While there are numerous examples of conflict throughout Bless Me, Ultima, the most prominent examples are the “Man vs. Self” conflicts Antonio faces. One such conflict—a multifaceted struggle that ultimately becomes one of the most prominent in the novel—concerns his religious beliefs. Antonio’s mother is a devout Catholic and raises her children to be followers of the religion as well, but Antonio struggles with the concept of the all-powerful God and the fact that such a God would punish good people while forgiving those whom Antonio deemed “evil,” and at one point thinks that perhaps God does not help him because He is “too busy in heaven to worry or care about” Antonio and his friends and family (187). Antonio also doubts that God truly is all-powerful, as He couldn’t alleviate the Téllez family’s curse, and He could save neither Lupito nor Narciso, and therefore thinks it “doesn’t seem right” that He has “the right to send you to hell or heaven when you died.” (236) Yet despite his doubts, some part of Antonio clings to his upbringing and what his mother taught him, as he is seen desperately clinging to his religious beliefs, such as when he restrains himself from seeking too much knowledge despite his curiosity, for fear that he might commit “the original sin of Adam and Eve” (197).
“Good is always stronger than evil. Always remember that Antonio” (Anaya 102). These are words that heavily apply in the book Bless Me, Ultima and they summarize a common theme of good and evil in the novel. In Rudolfo Anaya’s Bless Me, Ultima, juxtaposition is used to convey a sense of good and evil in various characters and it portrays that the goodness in each and every person is determined through their actions. Throughout the book, the relationship between Ultima and Tenorio depicts good and evil through the development of juxtaposition.
Albert D. Saba Mr. Amoroso English 12 AP Period: 3 LAP Topic: 2 BLESS ME, ULTIMA The Classic by Rudolfo Anaya Saba Page 1. The powerful force of a Latino family begins with the basis of the strength in a man. In the novel Bless Me, Ultima by Rudolfo Anaya, Antonio Márez a six-year-old begins to wonder if his destiny lies in being a vaquero or a priest. Inside Antonio, he has the blood of two different customs streaming through his veins. Is there an outlet to which can help you view your own life or guide you through it?
Marco Pérez Dr. Rony Garrido The short novel, Aura, by Carlos Fuentes creates a mythical reality to reference Mexican history. He uses Aura, Felipe Montero, and Consuelo as a reflection of the past and the present, where for example, Consuelo represents the past and Felipe the present. In this paper I will explain how the love story of Felipe, Aura, and Consuelo represent Mexican history. In addition this paper will explain how myth breaks down into different elements, such as religion, legends, traditions, and beliefs, all of which are manifested in the different characters and their actions within this novel.
Bless Me, Ultima also presented the process of acculturation for Mexican-Americans, especially in the education system. Vikki Ruiz specifically mentions this process, stating “Students also became familiar with U.S. history and holidays” (Ruiz, p.266). this is portrayed when Antonio talks about one learning English only after going to school. Acculturation was an intrinsic aspect of the creation of Mexican
Disagreements brought among two can greatly cause an uncertain effect on those surrounded by them, as well as each other. Innocent minded children are targeted to be easily influenced. That is until that child starts becoming experienced and learns to lead his own path perpetually discovering his autonomy. Gabriel and Maria, a dissimilar couple introduced from Rudolfo Anaya’s “Bless Me, Ultima”, presents a conflicting environment on those having to deal with their differing ideal beliefs. Maria, a Luna, daughter of a farmer, peaceful and quiet like the moon.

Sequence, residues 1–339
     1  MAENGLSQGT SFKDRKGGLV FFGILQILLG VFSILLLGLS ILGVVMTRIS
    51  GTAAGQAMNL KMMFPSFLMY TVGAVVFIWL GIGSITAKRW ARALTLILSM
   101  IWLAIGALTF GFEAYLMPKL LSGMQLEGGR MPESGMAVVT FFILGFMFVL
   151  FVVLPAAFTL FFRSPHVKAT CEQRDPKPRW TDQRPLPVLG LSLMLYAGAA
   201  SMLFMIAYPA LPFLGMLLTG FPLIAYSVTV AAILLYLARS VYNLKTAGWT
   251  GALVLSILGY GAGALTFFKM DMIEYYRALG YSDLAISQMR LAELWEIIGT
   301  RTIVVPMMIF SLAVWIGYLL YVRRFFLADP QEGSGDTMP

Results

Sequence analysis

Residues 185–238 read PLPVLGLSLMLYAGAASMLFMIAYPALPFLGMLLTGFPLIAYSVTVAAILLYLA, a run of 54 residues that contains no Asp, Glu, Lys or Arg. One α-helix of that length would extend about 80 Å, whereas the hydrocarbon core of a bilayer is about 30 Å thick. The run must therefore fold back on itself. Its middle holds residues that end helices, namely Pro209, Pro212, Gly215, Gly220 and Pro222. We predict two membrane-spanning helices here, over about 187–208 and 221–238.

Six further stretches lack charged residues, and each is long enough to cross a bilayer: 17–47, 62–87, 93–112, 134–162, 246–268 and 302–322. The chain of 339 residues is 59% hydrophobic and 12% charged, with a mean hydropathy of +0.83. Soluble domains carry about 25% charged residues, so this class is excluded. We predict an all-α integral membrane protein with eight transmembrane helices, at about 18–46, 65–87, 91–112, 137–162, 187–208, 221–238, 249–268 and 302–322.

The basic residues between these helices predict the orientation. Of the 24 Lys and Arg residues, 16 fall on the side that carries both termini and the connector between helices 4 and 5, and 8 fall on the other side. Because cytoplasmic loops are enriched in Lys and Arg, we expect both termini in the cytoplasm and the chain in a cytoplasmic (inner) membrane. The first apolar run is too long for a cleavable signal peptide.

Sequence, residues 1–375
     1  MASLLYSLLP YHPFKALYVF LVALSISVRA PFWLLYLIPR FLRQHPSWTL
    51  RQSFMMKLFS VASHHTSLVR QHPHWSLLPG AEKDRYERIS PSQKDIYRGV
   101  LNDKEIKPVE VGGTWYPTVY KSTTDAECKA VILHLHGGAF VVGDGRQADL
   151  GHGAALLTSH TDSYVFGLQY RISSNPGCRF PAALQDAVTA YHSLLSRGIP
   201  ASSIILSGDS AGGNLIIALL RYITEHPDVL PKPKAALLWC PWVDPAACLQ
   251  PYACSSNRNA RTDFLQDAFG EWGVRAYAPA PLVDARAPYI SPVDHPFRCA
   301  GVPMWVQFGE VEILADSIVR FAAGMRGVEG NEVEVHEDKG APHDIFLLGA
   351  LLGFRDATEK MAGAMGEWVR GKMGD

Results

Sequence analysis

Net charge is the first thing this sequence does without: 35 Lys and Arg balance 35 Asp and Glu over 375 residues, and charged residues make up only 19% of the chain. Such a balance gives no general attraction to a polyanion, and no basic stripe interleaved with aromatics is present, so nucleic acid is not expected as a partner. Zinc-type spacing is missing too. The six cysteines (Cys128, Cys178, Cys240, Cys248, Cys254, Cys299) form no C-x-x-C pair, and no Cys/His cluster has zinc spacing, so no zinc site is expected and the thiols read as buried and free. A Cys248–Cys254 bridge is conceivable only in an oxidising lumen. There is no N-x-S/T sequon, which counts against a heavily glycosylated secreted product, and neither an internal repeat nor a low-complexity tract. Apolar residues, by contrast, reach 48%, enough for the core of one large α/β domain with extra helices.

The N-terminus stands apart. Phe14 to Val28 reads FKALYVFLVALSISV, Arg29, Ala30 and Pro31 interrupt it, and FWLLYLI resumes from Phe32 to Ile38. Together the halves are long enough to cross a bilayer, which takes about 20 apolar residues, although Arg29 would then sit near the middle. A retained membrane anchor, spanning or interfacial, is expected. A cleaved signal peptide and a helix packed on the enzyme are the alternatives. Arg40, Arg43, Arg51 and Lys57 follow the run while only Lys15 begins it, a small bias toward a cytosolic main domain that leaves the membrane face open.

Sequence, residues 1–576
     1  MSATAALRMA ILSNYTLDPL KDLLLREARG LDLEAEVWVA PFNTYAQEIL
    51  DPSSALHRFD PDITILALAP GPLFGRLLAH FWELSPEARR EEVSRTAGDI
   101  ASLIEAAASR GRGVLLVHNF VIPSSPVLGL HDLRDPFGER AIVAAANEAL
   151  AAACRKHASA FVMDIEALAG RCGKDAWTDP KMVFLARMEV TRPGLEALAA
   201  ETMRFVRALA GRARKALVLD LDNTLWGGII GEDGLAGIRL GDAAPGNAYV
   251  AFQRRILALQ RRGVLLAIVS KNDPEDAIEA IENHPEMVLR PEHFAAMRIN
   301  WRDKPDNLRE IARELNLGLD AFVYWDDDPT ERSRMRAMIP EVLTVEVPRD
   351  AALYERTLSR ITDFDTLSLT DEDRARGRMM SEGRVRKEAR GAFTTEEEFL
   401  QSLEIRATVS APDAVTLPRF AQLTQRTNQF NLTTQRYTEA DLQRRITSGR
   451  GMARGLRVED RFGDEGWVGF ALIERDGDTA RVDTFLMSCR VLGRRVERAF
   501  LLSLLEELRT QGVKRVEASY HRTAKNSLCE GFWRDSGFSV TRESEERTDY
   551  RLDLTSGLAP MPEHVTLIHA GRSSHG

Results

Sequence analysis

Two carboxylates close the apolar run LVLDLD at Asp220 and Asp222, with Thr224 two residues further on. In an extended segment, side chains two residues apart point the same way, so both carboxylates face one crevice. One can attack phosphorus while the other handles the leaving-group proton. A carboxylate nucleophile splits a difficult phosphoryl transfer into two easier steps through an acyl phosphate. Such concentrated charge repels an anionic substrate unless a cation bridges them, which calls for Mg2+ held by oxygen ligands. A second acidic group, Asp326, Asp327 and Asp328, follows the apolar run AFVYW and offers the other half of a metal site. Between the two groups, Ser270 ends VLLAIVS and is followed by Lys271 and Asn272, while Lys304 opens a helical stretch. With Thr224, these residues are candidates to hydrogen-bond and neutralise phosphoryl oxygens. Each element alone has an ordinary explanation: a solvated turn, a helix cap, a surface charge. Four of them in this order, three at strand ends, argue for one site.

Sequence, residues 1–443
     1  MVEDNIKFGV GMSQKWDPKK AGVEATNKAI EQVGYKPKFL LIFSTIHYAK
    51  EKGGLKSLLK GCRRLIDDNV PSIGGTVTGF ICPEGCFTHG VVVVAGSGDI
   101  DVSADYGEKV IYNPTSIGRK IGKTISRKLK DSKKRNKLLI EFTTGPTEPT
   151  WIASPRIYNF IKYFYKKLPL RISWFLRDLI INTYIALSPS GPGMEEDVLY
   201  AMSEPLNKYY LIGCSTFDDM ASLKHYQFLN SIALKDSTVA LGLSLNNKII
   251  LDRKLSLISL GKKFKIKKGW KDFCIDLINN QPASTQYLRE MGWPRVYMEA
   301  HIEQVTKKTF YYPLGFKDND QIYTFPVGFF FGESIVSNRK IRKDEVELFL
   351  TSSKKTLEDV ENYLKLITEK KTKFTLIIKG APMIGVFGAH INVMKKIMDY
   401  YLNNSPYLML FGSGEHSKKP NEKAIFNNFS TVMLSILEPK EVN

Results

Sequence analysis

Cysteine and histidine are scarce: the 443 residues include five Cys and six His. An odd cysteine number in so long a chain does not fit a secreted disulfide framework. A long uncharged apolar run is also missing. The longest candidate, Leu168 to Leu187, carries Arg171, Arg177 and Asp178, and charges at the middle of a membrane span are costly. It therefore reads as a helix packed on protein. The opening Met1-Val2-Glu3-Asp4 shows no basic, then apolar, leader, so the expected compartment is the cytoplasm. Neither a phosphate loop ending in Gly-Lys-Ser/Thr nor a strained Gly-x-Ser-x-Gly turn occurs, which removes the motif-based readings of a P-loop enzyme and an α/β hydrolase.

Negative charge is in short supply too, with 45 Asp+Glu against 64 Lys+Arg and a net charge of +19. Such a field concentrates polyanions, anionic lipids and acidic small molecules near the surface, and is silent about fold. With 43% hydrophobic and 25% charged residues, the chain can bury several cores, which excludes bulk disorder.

She encounters a little boy with a woman and she describes the way both were dressed, and how the woman was eating a donut and a cup of coffee. These and other details make Isasi-Diaz conclude that this woman was living a difficult ‘cotidiano’ and was probably struggling with her everyday life (Isasi-Diaz pg. 52-53.) This made Isasi-Diaz reflect on her own life and all the accessibility she had to many things that others do not have, like a coffee in the morning. She also reflected on how she has access to a healthy breakfast instead of the donut like the woman got from around the corner (Isasi-Diaz pg.
Antonio’s first encounter with the golden carp tests his Catholic faith in which he learns from this experience. “I could not have been more entranced if I had seen the Virgin, or God himself. The golden carp had seen me.”(pg 114) Antonio’s Catholic faith is being tested for the first time.
Lead In: Cultural conflict in a family can lead to many events that can affect a child’s life. The child may become confused on what life to live or how to live it, especially when their goal is to ultimately make their parents proud. The child will also have a hard time growing up as he or she tries to figure out what path to choose regarding culture. Cultural conflict though, can make a person become stronger and give them a sense of being their own person II. Introduction Paragraph 2 Overview and Background
Diaz believes that her brother doesn’t deserve her family support, but family supports each other at any moment in the life. For instance, Diaz state “my phone, come Deshacer a tus padres/ Jesus told me to, and Mon Frere”(34-35). The parents still believe that the brother can be different, but Diaz thinks that the brother just wants to separate her family. The family was getting affect by the bother, but they still are there for him.
The picaro is a poor vagrant or vagabond character in Spanish literature that attaches himself to a wealthier individual to evade arrest, since vagrancy was a crime in sixteenth century Spanish society, and ultimately provide for the character’s well-being. The picaresque genre follows the misadventures of these picaros and are often comical, mischievous, and irreverent, as picaros frequently play tricks on their masters. Thematically, the picaresque examines corruption and social injustice in a society that is cruel to the impoverished, meditating on these humanist ideals through caricatures and satire. The Life of Lazarillo de Tormes and of His Fortunes and Adversities neatly conforms to this genre: after the death of his father and his stepfather’s